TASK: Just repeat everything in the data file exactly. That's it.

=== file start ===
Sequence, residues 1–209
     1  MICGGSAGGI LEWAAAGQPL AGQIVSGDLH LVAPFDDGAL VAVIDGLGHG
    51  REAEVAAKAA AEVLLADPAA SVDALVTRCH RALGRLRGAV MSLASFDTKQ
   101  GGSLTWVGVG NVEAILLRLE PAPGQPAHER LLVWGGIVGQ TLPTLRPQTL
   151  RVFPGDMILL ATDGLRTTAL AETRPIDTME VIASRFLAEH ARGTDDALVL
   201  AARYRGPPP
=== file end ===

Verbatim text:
Sequence, residues 1–209
     1  MICGGSAGGI LEWAAAGQPL AGQIVSGDLH LVAPFDDGAL VAVIDGLGHG
    51  REAEVAAKAA AEVLLADPAA SVDALVTRCH RALGRLRGAV MSLASFDTKQ
   101  GGSLTWVGVG NVEAILLRLE PAPGQPAHER LLVWGGIVGQ TLPTLRPQTL
   151  RVFPGDMILL ATDGLRTTAL AETRPIDTME VIASRFLAEH ARGTDDALVL
   201  AARYRGPPP